Is Ikea rebranding through its collaborations? This year’s splashy partnerships alone–ranging from Japanese audio brand Teenage Engineering to maximalist costume designer Bea Åkerlund–have seen the Swedish big-box giant jumping wildly out of its safe, midcentury-modern comfort zone, and beyond the circuit of furniture designers entirely.
Now add to that growing list of surprise collaborations: a new collection by the much-hyped, architecture-trained fashion designer Virgil Abloh—longtime creative director to Kanye West, founder of the cult “haute streetwear” label Off-White and, as of this March, artistic director of menswear at Louis Vuitton. Ikea just unveiled designs from Abloh’s new collection, MARKERAD, in an early preview live-streamed from New York, and we are here for it.
“Designed for Millennials,” in Abloh’s words, the collection marks his first foray into home goods. And like all things he designs, it features a signature mix of high-and-low cool and a studious touch of pop-art irony. A peek at early prototypes, still in development, included a transparent glass cabinet, with door handles colored bright-red and styled to look like industrial nails. More than an ordinary cabinet, it takes the appearance of an art museum vitrine, made to showcase your prized possessions. The idea isn’t just ironic: Abloh believes a clear storage unit will also serve as a “visual reminder” of your belongings and encourage a more “curated” approach to consuming goods.
Some of you guessed it! @virgilabloh @off____white prototyping a fresh take on the FRAKTA bag in IKEA’s very own prototype shop in Älmhult. "We’re in a moment where IKEA is transcending, and people are bringing this “do it yourself” culture” to the blue bag. What I’m most interested in is doing that process in partnership with the brand. It’s allowing me to put my opinion on a classic. It’s unique, and distinctly as much of off-white as it's IKEA". Photo @piotrniepsuj . #IKEAtoday #Collaborationpartner #virgilabloh #offwhite #IKEADDD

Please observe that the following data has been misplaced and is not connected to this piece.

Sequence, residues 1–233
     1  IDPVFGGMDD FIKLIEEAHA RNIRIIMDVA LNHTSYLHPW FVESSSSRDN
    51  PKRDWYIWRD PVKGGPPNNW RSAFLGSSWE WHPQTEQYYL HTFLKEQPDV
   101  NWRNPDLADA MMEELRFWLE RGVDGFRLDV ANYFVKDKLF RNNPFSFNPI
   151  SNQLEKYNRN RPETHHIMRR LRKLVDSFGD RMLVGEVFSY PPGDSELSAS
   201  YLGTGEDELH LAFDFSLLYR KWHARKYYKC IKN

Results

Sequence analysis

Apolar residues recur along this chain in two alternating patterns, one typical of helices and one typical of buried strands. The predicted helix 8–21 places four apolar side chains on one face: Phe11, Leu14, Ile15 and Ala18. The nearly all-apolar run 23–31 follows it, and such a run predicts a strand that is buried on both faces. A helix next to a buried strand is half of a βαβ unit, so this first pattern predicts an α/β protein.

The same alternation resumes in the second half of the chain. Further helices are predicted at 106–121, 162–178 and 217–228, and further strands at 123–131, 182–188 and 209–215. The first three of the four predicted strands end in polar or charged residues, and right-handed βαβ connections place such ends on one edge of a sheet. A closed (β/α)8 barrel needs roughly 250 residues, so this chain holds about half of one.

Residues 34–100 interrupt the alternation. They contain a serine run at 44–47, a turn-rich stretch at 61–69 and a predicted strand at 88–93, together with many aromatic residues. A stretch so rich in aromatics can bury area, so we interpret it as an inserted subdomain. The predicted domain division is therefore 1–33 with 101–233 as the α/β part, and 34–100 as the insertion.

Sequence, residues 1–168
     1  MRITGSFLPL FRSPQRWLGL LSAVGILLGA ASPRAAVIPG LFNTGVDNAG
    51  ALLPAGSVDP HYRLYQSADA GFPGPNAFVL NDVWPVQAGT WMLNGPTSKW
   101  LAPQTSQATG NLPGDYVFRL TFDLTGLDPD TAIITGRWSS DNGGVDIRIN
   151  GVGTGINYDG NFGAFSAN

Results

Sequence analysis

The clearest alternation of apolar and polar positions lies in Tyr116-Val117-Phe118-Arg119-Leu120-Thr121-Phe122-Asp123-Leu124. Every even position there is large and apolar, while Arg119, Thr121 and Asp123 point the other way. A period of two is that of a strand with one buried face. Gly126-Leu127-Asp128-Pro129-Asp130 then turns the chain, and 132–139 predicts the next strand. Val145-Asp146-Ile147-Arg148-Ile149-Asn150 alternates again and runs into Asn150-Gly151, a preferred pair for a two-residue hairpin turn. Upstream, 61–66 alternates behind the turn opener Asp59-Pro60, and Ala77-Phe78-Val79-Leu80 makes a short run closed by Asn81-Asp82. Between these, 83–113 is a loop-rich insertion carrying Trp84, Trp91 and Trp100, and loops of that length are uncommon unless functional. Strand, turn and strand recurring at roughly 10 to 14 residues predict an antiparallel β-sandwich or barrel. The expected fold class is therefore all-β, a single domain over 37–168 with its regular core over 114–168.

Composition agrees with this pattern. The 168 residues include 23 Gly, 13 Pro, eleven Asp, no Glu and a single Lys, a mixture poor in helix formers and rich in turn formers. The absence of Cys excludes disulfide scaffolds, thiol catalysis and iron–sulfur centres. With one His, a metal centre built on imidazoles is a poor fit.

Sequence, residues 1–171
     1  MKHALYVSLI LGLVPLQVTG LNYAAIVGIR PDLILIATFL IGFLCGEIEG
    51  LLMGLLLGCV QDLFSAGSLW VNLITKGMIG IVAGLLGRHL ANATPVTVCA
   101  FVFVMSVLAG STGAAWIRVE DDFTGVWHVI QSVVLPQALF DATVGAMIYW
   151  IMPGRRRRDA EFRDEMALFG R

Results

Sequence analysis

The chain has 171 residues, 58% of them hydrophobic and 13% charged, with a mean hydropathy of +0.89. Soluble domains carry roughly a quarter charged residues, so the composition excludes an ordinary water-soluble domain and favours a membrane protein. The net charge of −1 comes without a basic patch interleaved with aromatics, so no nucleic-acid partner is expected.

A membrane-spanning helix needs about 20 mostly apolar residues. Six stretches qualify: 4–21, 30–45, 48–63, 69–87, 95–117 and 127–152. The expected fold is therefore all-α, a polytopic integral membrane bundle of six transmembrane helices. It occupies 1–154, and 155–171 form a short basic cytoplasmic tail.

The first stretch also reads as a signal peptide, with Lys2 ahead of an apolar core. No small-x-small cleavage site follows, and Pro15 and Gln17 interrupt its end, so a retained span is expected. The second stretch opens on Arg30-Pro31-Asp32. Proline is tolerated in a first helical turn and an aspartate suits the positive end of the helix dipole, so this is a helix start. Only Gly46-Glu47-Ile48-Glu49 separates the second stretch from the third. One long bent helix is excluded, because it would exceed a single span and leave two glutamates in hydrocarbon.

“I wanted to bring a sense of pride to these items,” said Abloh of the designs, as his half-hour product preview began to take on the professorial air of an art-history lesson in making and looking at furniture. “Look at the positive side of the world ‘hype.’ It may just be sneakers, but they come from a halo, and if you own them there’s a different sense of pride . . . if we can make that same halo effect, that aura, for a chair, a credenza, a rug, or a display case, then you have a sense of pride in it, and can begin to appreciate and notice the design, instead of only when it’s broken,” he said. His overarching goal for the collection, he added, was about “trying to embed an artistic quality in things you already have.” The preview also demystified the design process, as the camera panned to show a room full of product development staffers working with Abloh.
Other items included a red rug featuring the word “BLUE” prominently across the center—which, Abloh suggests, also makes for a nice wall-hanging. A simple Shaker-style chair, designed to have three even legs and one that’s slightly too short, comes with a red doorstopper-shaped piece to level it out. “The person who designed the wheel must think he’s god’s gift to Earth, but the person who designed the doorstop is equally impactful, because it can stop a plane in its tracks,” says Abloh, who found his inspiration at an airport tarmac.
As for his take on the ubiquitous blue Frakta bag: it’s rendered in cardboard, and emblazoned with the word “SCULPTURE” in all-caps.
“This is going to be a unique project, in that it’ll be, by large, the first thing I’ve done that has the most amount of design and difficulty to actually making the goods,” Abloh told Hypebeast. “A) It addresses the realm of our living spaces outside of our closet, and B) this is something that will be readily available and priced at a means that people can participate. Anything that’s best in class or beyond iconic, I find interesting: Coca-Cola, Nike, NASA, you know–these brands that, when you say them, something resonates beside just product itself.”
MARKERAD is scheduled to drop in 2019, and, we’re assured, priced at “normal Ikea prices”—though if we can expect anything from Abloh’s coterie of fans, we’re betting the pieces will fetch a pretty penny on the resale market.